A promising, talented, kind young woman in our community committed suicide immediately prior to beginning her career as a college freshman in the summer of 2013. Our community was shocked. As the community pondered how they missed her inner turmoil, one of the local churches in our community wanted to help prevent this from ever occurring again. But how?
One of the members of that church had recently graduated with a master’s in counseling psychology from nearby Tarleton State University. She knew that capable student counselors often had difficulty finding local agencies and centers where they could complete a 320 hour requirement for counseling clients. And yet, she also knew some mental health providers in her community didn’t have enough hours in the day to completely help their current client case loads. And some of their clients were not being seen as often as they should have been for optimal care. Or worse, certain requirements of their organizations prevented them from providing services at all for clients or for their families.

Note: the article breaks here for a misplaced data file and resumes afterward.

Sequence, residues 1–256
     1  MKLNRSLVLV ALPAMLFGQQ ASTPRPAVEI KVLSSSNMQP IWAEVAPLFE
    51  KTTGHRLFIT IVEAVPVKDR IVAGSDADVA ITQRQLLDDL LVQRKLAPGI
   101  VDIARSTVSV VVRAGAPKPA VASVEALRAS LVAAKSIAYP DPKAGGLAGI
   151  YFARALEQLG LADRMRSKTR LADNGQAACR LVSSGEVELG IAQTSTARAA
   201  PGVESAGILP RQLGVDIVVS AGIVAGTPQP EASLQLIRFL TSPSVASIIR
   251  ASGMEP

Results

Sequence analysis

She remembered that one of her professors had wanted to open up a counseling center utilizing the students, operated on a non-profit basis so that counseling could be available to a larger percentage of people. She approached this professor, Dr. Donald H. Lane, to assist in setting up such an organization in her church, Oakdale United Methodist Church. He not only agreed to help, but he became the driving force to get the Center started!
Oakdale also readily agreed to providing its facilities if they were not already being used for church ministry purposes. A Board of Trustees was recruited and the first board meeting took place in the fall of 2014. Three eager practicum students volunteered to be the first counselors for Compassion Counseling Center in October 2014. The Center will begin seeing clients on January 15, 2015.